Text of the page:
in the galleries
Designed to entertain as well as educate, changing exhibitions in the 2,000 square foot gallery space in the History Center feature diverse topics that speak to the area's multi-faceted history and interests.
Starting Anew: Transforming Pasadena, 1890-1930
Now Reopened with Enhanced Content:
Growth – Development – Pasadena Amidst World Crises
The Exhibition Galleries are open Fridays, Saturdays & Sundays, Noon to 5:00 pm throughout the run of an exhibit, unless otherwise noted in our calendar.
(Please note that the Museum is closed on all major holidays and the day after Thanksgiving. The Museum's hours can also be affected by the schedule at the Rose Bowl Stadium.)
Curator's Tour: Starting Anew: Transforming Pasadena, 1890-1930
August 19 (limited availability), September 30, & October 8 | 11:00 am
Explore Starting Anew with curator Brad Macneil. Learn more about the exhibition and stories of Pasadena’s transformative years. Space is limited; advanced reservations are required.
Starting Anew: Transforming Pasadena, 1890 – 1930 reopens to the public on Friday, April 22, 2022. To celebrate the exhibition reopening, admission is free for all from Friday, April 22 through Sunday, May 22. Advanced, timed ticket reservations are now required for all gallery visitors, including PMH members. Reservations are available online here.
How was this flourishing young city affected by the international crises that rocked the world in the second decade of the 20th century? The enhanced exhibit explores the city's private and public sector development within the broader context of world affairs. Specifically, new content looks at how back-to-back global events - World War I (1914-1918) and the Flu Pandemic of 1918 – affected Pasadena and its residents.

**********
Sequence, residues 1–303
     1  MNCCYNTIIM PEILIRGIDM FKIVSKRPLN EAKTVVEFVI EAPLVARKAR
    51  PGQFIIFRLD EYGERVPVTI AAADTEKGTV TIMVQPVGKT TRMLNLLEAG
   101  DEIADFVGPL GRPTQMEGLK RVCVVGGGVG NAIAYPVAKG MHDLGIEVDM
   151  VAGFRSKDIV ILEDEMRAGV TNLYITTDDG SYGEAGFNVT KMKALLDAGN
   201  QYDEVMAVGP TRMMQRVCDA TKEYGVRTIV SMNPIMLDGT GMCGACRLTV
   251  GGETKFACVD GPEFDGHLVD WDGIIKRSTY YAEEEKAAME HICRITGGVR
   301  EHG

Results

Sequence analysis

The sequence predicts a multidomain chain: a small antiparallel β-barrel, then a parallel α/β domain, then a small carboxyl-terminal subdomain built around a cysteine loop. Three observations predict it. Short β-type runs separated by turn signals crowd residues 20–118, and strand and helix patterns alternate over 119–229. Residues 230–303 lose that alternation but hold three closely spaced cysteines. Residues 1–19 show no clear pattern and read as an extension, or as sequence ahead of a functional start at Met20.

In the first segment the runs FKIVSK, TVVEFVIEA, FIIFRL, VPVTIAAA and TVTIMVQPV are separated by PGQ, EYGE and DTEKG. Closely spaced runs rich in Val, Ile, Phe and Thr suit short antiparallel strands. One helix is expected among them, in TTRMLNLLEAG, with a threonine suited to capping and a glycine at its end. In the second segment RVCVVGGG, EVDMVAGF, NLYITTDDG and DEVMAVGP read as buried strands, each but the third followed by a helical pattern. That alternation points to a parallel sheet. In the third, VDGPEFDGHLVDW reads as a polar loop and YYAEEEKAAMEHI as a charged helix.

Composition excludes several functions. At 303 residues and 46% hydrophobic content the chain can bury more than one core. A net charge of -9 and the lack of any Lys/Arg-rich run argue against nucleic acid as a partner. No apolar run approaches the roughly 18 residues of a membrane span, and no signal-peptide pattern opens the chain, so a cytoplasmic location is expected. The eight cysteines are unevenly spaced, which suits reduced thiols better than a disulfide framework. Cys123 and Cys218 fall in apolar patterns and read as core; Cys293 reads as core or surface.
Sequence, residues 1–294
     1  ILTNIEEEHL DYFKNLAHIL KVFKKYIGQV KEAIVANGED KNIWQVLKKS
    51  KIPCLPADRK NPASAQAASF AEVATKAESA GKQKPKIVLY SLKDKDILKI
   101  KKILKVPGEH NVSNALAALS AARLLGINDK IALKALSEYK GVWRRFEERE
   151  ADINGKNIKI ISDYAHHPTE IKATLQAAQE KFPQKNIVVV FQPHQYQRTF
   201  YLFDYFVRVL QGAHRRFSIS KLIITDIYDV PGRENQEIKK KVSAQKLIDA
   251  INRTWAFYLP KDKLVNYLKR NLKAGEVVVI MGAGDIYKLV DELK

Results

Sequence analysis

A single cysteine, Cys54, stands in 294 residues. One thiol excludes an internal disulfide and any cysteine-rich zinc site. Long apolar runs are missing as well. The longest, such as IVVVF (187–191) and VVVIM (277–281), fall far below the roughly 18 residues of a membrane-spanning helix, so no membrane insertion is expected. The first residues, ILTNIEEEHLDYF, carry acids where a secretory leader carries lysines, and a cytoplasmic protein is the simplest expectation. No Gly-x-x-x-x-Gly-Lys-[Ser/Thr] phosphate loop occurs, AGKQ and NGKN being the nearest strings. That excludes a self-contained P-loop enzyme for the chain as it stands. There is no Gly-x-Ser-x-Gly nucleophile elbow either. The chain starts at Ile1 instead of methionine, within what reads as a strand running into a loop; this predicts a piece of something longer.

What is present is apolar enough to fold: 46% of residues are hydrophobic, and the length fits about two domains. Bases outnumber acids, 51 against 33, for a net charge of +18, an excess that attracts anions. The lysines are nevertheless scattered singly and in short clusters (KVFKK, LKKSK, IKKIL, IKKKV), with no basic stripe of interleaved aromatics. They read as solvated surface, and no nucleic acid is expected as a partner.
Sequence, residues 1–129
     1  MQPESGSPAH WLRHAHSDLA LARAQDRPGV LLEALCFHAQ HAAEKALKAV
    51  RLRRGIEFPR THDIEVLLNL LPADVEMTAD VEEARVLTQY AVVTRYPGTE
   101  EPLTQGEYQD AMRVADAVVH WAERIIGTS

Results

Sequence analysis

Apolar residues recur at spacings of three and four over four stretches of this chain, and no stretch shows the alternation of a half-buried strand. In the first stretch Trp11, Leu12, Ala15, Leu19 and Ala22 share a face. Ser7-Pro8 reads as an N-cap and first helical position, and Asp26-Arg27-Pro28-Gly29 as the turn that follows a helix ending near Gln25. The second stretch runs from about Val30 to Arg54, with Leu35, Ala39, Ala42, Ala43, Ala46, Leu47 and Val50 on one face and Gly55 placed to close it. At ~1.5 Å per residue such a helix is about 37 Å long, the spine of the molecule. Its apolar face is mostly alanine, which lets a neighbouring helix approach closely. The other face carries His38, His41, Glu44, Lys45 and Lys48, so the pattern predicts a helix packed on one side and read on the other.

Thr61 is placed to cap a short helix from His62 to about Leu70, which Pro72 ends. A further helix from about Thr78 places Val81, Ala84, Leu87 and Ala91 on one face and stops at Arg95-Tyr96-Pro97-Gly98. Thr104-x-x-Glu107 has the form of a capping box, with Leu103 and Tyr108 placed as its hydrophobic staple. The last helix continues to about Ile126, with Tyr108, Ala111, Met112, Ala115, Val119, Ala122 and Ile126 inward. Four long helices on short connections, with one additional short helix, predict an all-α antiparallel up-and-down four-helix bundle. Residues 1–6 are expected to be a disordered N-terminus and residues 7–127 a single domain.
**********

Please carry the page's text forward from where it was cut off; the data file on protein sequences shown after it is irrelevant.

The forty years between 1890 and 1930 were a dynamic time in Pasadena’s history. The area changed rapidly from a small agricultural community to a renowned winter resort and bustling young city. Newcomers came for many reasons. They were taken by the region’s natural beauty and the opportunities associated with its growth and potential. It was an appealing place to launch a new venture, or in some cases, to start over. The railroad provided convenient and affordable transportation to the appropriately nicknamed “Crown City.” Pasadena was changing significantly, fashioned by a rapidly burgeoning population and its hopes, dreams, and achievements.
Historic images, documents, artwork, clothing, and ephemera, many selected from the Museum's collection – along with research compiled over decades by scholars, PMH staff, and volunteers – illustrate the scope of these vibrant decades in Pasadena’s history. The exhibition also features the legacy of Museum benefactors Eva and Adalbert Fenyes. After arriving in Pasadena as newlyweds in 1896, this sophisticated couple quickly embraced the city as their new home. They purchased real estate, developed businesses, and contributed to the cultural and artistic development of Pasadena. Their 1906 Beaux Arts mansion is an important component of the exhibit story line, providing visitors with a glimpse into what life was like on Pasadena’s Landmark Millionaire’s Row in the early 1900s.